FAYETTEVILLE – Arkansas’ basketball coaching staff has changed entirely yet Isaiah Joe’s Razorbacks role remains as implacably steady as his implacably steady demeanor.
Whether planting his skinny 6-5, 175 frame taking a charge from a powerfully out of control 260-pound power forward or effectively dialing long distance shooting threes like his 113 for 273 last season, sophomore guard Joe seems filling the bills for new Coach Eric Musselman’s Razorbacks like he did making the 2019-2019 All-SEC Freshman team for former Arkansas Coach Mike Anderson.
Musselman marvels how the sophomore from Fort Smith Northside seamlessly strides into an entirely new system without signs of a misstep. Of the players he inherited from Anderson and added through recruiting, Musselman said none have adjusted like Joe has adjusted.
“I would say for sure Isaiah Joe has been the steadiest day after day after day after day,” Musselman said. “Performance, attitude, everything.”
Of course the willingness and ability to take a charge and the ability to spread out a defense by consistently hitting threes from different area codes is appreciated by any coach of any system.
Joe does both equally fearlessly.“Taking charges is part of the game,” Joe said. “It gets you the ball back and get you a foul on another player. It’s a big momentum shift to take charges. You have to have a certain amount of pride to take charges. A lot of people don’t like to take charges but it’s there so why not? It’s a lot of pounding on the body but you can get injured doing anything. So you just have got to watch out.”
Joe’s 3-pointers last season thrust like daggers into defenses that seemed to have everything covered until he’ suddenly fire one home from the ozone.
Through what he and teammates Desi Sills, Mason Jones, Jalen Harris call the “Breakfast Club” for their voluntarily crack of dawn shoot arounds at the Eddie Sutton Men’s Basketball Practice Court, Joe aims to keep his shots on target.
“We would do 7 a.m. weight lifts so we would get there at 5:30 to do some shots before our lift,” Joe said. “All that extra work is just going to help us get better. We did a lot of shooting fun in that little Breakfast Club. We probably get 300 or 400 shots.”
Joe said junior point guard Harris, the team assists leader but a woeful 3-point shooter last season, instigated the Breakfast Club and has been feasting on the shots Harris clanked last season.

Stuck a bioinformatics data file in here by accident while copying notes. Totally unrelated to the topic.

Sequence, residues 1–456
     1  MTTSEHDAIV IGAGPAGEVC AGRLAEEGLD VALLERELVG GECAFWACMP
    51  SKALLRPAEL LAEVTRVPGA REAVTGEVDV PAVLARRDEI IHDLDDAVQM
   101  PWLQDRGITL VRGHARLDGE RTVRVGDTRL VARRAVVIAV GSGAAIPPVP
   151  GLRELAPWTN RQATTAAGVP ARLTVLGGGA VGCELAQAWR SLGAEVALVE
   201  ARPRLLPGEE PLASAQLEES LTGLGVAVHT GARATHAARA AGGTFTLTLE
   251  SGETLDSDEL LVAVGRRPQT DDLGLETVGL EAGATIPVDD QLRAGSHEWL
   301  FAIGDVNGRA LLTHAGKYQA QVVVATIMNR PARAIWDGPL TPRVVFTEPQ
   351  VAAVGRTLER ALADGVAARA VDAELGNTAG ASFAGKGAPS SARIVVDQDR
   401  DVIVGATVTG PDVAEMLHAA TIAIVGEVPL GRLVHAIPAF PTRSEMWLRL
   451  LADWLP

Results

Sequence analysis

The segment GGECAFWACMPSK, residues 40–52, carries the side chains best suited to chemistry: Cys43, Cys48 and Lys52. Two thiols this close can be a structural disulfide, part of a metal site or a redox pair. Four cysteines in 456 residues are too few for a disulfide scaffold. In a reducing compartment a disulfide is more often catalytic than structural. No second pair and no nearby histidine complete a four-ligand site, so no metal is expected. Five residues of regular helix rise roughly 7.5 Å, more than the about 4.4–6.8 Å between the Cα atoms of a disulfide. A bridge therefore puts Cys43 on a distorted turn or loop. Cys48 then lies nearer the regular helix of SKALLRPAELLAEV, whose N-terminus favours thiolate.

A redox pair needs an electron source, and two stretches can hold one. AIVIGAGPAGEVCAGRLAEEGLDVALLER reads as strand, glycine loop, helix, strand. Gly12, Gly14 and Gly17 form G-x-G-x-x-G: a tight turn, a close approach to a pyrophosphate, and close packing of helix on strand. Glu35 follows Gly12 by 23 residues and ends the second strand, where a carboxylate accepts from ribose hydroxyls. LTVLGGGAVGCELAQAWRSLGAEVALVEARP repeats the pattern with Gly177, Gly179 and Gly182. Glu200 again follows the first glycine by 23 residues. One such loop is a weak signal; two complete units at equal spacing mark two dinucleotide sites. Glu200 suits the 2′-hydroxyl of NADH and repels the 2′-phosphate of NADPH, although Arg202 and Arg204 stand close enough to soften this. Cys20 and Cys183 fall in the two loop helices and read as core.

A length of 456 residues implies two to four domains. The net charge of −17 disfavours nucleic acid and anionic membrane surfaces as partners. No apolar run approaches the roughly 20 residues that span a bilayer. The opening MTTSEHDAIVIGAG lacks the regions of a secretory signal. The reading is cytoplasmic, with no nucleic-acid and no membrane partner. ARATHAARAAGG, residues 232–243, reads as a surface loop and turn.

“He’s definitely started to knock down shots,” Joe said. “He’s devoted his time, that’s why we started the Breakfast Club.”
Joe said whether at the Breakfast Club or during the formal Razorbacks practices, he shoots with a different perspective upon working under Musselman.
“He met with us after he first got up here and he showed us where we were making our shots from and where we were missing our shots,” Joe said. “I saw the percentages and it definitely brought it to my attention.”
Joe came to Arkansas in large part because of Mike Anderson but has gone whole Hog committed to Musselman and the style that Musselman and his entirely new staff bring.
“Stay mentally focused,” Joe said of his personal theme in taking to the new regime. “Every time I’ve heard people talk about going through big changes they said they would lose focus mentally. We just have to make sure we stay strong and stay together as a family.”
Speaking of family, Isaiah was asked if he’s still the best shooter in his family.
Younger brother Jacob Joe stars for Fort Smith Northside. The Grizzlies were last season’s state champion as they were when Isaiah starred for them.
“Jacob is definitely a great shooter,” Isaiah said. “I think he has a better shot than me when I was his age. I’m really proud of him winning that state championship. From my past I know how much winning that state championship means. I hope he wins another one this year.”
By Nate Allen